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Several months ago I was invited to a special FOO camp at the O'Reilly Campus, about social networking and the social graph. One of the things that the ora people did was record an interview video of each attendee. They've now put all those videos up on youtube.

Here is mine.

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My main complaint to myself when I went to FOO Camp this past summer is that I had wished I had taken better notes. I have the same problem this time. I was having so much fun and getting so much joy spending interacting, participating, and hacking, that I don't have the bandwidth to take notes.

On December 29th, I got an invitation from David Recordon [livejournal.com profile] daveman692, Scott Kveton, and Tim O'Reilly, to "Social Graph Foo Camp". I immediately said yes, of course.

MySQL Inc agreed cover my travel (a real deal for them, since they didnt have to pay a hotel), so long as I appropriately represented the company, e.g. use the company logo on slides, and so forth. So I wore my swag jacket with the logo on the back, and I ran a session, "MySQL for Social Networks: Graphs and Tags".

A couple of days before the event, I picked two names at random from the "looking for a ride" list, and ended up meeting Leslie Chicoine of Get Satisfaction, and Gavin Bell of Nature Magazine. I actually met up with Leslie at her office, and ended up having lunch with her and some of the other interesting GetSatisfaction people. We then drove to SFO to pick up Gavin, who was flying in from England. (A small and meaningless adventure ensued, where I missed a poorly marked turn at SFO international arrivals, and we ended up discovering where the municipal waste treatment plant is).

On the drive up to Sebastopol, the conversation ranged and rambled, and I didn't notice that I had completely missed the exit until I glanced at the NeverLost, to see that it was constantly recalculating the route, trying to turn me around. We had overshot by over 30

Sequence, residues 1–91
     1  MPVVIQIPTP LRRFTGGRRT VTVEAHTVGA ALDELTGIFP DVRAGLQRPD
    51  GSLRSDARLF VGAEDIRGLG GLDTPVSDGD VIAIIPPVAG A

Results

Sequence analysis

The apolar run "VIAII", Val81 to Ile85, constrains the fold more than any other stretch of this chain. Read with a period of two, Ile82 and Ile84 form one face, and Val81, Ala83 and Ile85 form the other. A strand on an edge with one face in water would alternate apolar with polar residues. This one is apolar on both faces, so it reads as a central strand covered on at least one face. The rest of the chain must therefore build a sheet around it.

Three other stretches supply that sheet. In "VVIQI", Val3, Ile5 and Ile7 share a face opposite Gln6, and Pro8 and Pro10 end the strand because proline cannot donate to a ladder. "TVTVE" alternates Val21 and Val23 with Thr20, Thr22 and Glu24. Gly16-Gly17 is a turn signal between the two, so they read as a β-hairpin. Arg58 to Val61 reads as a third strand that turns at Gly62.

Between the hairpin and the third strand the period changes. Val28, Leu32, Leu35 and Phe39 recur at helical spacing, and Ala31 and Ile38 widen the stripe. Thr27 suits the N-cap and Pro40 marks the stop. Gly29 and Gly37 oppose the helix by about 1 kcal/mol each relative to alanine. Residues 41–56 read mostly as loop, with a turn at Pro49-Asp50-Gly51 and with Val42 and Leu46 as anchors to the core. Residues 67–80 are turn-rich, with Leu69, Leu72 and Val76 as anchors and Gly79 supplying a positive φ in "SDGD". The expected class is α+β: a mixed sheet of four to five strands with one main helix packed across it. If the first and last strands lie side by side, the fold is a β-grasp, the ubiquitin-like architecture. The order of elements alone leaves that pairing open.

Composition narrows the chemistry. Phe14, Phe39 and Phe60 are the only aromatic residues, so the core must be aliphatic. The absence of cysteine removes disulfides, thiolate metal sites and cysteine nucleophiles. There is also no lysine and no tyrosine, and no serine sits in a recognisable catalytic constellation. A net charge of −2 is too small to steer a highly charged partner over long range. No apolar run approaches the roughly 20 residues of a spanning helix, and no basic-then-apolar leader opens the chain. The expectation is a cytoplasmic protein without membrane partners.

miles. Another small adventure, but we finally made it to the right place, checked in, and then the fun started.

At the introduction meeting, Tim introduced David and Scott, and then they told the story about wanting to put together a small gathering on the subject, and the "who should be there" expanded from a handful of people, to a couple of dozen people, to more than a couple of dozen people. The event kind of exploded on them, and they put it together
really fast. It helped that the O'Reilly people now have a lot of experience, both with geek conferences in general, and with FOO camps at their facility.

There was the standard "rushing the boards", tho the crush wasn't nearly so insane, with only about 100 people, instead of the 350 last summer.

There were groups and discussions about microformats, the new OpenSocial API, the graph mapping work being done by SixApart, by Google, and by Plaxo. There were people there from FaceBook, from MySpace, and from LinkedIn. There were people from Microsoft
Research, and some people from LiveSpaces. There were people from Yahoo, and from Flickr. And from Twitter and Jaiku.